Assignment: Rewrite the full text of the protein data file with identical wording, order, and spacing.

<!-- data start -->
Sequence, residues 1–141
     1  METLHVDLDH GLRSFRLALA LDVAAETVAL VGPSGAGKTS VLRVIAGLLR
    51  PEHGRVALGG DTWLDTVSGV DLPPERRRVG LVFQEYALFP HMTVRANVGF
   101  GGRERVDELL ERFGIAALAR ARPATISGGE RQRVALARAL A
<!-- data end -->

Sequence, residues 1–141
     1  METLHVDLDH GLRSFRLALA LDVAAETVAL VGPSGAGKTS VLRVIAGLLR
    51  PEHGRVALGG DTWLDTVSGV DLPPERRRVG LVFQEYALFP HMTVRANVGF
   101  GGRERVDELL ERFGIAALAR ARPATISGGE RQRVALARAL A